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Belarus

Blog   |   Belarus, Internet

Belarusian website Charter 97 attacked, shut down

Charter 97 Editor-in-Chief Natalya Radina at CPJ's 2011 International Press Freedom Awards. (Muzaffar Suleymanov/CPJ)

It's not unusual for Charter 97, a Belarusian pro-opposition news website, to be disrupted online. CPJ has documented intimidations, threats, and arrests against its staff members, the murder of its founder, and denial-of-service attacks against the website.

Blog   |   Azerbaijan, Bahrain, Belarus, CPJ, Mexico, Pakistan

Awardees to their colleagues: Buck the system

CPJ's annual International Press Freedom Awards dinner took place at the Waldorf Astoria in New York. (Michael Nagle/Getty Images for CPJ)

The Grand Ballroom of the Waldorf Astoria might seem like an odd venue to stage a call for resistance. Nine hundred people in tuxedos and gowns. Champagne and cocktails. Bill Cunningham snapping photos. This combination is generally more likely to coax a boozy nostalgia than foment a revolution. But the journalists honored last night at CPJ's annual International Press Freedom Awards had a clear message to their colleagues: Fight the power.

Blog   |   Belarus

A ray of hope for the embattled press in Belarus?

Plainclothes police arrest a protester in Minsk. (Reuters/Vasily Fedosenko)

In a rare development, the Belarusian general prosecutor, Grigory Vasilevich, stepped up for journalists and defended their right to report on ongoing political protests. According to a statement issued by his press office on Friday, Vasilevich sent a letter to Interior Minister Anatoly Kuleshov in which he reminded his colleague of journalists' rights under the law. While noting that police have a duty to protect public order and that journalists have an obligation to comply with national laws, Vasilevich urged Kuleshov to instruct police to do their work without obstructing reporters.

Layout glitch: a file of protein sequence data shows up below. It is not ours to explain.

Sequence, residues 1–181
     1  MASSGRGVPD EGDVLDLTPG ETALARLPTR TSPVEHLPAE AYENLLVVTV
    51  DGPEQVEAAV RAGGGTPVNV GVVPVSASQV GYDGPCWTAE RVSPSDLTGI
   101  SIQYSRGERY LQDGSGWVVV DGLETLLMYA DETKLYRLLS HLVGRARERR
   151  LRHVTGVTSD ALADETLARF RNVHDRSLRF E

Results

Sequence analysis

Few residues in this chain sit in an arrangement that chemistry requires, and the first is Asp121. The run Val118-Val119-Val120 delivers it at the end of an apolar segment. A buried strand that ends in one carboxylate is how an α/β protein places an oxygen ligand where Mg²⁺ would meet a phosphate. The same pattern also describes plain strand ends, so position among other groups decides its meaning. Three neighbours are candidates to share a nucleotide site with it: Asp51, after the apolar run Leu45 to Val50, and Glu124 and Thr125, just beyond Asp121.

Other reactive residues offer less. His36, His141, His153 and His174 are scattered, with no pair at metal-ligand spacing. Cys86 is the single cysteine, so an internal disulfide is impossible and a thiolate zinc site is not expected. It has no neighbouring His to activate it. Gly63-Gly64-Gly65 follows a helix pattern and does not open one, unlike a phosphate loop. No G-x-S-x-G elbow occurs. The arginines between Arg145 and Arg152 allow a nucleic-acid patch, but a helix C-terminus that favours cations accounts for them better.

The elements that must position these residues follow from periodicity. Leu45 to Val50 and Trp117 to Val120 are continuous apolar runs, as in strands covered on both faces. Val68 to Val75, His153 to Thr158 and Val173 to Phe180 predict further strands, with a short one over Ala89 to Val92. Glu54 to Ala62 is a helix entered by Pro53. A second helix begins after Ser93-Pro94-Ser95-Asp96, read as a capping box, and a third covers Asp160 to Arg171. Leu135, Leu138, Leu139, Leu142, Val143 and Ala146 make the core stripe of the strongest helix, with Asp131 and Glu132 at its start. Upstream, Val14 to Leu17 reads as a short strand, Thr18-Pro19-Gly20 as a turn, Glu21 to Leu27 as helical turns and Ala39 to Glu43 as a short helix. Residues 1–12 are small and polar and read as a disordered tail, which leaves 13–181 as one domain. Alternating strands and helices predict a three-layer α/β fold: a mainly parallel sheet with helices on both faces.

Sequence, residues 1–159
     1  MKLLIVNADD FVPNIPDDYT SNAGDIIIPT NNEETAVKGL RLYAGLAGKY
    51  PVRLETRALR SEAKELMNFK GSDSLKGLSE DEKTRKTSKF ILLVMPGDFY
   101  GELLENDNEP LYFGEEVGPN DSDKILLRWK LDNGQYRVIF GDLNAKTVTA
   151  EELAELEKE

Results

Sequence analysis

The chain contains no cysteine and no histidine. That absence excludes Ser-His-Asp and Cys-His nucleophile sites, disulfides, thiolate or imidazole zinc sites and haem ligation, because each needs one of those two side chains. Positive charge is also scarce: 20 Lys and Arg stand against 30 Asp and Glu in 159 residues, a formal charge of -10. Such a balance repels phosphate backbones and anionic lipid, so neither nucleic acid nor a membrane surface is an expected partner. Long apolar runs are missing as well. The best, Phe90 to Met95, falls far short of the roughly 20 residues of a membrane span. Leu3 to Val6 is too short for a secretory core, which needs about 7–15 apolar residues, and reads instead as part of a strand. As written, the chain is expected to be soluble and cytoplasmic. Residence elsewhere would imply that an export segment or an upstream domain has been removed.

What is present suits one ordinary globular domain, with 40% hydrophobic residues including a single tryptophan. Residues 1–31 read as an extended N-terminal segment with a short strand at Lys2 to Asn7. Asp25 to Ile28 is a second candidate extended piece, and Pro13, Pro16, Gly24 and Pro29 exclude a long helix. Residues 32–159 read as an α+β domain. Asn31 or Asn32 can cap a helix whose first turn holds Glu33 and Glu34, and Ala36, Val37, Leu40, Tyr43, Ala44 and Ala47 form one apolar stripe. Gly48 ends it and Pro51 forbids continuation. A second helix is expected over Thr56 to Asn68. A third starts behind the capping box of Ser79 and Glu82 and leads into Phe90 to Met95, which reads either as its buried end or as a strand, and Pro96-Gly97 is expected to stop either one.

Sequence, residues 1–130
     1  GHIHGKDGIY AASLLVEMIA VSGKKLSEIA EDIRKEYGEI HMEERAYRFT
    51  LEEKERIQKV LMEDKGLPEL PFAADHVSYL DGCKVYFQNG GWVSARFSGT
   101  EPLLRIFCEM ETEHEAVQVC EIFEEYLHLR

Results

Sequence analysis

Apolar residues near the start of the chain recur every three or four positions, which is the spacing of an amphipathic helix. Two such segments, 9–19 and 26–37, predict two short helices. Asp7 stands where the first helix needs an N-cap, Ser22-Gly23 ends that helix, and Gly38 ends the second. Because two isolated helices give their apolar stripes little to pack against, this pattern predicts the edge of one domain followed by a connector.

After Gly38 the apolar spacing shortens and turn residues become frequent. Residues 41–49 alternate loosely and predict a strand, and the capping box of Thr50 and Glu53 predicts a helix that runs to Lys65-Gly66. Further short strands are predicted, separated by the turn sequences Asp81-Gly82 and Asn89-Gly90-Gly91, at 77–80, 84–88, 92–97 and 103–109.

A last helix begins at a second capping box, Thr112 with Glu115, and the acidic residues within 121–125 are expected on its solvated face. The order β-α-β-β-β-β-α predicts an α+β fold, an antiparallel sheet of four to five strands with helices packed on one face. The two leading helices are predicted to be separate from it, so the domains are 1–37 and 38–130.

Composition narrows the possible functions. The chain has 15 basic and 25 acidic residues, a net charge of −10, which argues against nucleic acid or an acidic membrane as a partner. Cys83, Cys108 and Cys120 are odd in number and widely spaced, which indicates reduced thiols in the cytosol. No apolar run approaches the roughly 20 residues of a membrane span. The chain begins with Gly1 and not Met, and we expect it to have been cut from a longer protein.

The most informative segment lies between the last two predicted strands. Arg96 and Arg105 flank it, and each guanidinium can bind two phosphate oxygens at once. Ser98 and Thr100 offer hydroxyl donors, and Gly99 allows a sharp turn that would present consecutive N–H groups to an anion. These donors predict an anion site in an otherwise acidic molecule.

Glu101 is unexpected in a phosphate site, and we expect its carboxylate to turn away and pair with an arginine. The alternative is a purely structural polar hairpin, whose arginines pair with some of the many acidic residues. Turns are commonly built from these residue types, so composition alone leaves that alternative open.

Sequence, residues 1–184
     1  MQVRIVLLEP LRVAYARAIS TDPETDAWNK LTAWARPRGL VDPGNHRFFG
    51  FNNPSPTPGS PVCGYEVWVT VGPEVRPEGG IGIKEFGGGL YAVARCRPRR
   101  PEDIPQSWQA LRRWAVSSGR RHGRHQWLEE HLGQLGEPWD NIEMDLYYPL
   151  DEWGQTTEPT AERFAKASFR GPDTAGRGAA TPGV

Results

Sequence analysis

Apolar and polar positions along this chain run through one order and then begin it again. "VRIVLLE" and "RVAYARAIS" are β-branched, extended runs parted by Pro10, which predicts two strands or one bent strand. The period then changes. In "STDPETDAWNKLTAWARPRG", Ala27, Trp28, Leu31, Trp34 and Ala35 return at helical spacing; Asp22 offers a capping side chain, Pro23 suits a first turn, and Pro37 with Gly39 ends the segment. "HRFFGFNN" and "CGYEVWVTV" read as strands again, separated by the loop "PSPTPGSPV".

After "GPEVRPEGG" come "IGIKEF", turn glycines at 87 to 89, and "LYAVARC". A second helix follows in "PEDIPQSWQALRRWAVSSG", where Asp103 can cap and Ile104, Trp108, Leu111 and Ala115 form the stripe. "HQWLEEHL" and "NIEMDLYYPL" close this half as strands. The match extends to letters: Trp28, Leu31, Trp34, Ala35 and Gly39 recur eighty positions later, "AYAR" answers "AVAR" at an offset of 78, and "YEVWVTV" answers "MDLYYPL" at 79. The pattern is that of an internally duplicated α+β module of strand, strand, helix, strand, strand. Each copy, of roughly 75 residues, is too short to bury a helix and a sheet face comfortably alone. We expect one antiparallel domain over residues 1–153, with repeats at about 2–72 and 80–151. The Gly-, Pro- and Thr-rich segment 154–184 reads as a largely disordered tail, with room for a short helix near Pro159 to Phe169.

July 19, 2011 9:41 AM ET

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Blog   |   Belarus, Russia

Under house arrest in Belarus for not playing by the rules

(Reuters)

It has been four long months since security forces snatched Irina Khalip, at left, from Minsk's Independence Square while she was reporting on a protest of the flawed December 19 Belarusian presidential vote.

While Khalip was giving a live account from the square to the Russian radio station Ekho Moskvy, riot police beat her and forcibly drove her away. (Her husband, opposition presidential candidate Andrei Sannikov, was repeatedly struck with clubs and also arrested. He remains imprisoned today.) Khalip was one of at least 20 journalists detained that night, but her treatment has been especially harsh.

April 28, 2011 2:17 PM ET

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Blog   |   Belarus, Uzbekistan

EU has contradictory message on Karimov, Lukashenko

After defying the EU for years, Uzbek President Islam Karimov is welcomed by Jose Manuel Barroso, president of the European Commission. (Reuters/Thierry Roge)

Unless European Union officials mean to expose the inconsistency of their own policymaking, they should stand firm by their declared commitment to defend press freedom and human rights in the former Soviet countries. For now, their drastically different approaches to authoritarian leaders in Belarus and Uzbekistan leave one questioning the EU's strategy. 

January 24, 2011 11:19 AM ET

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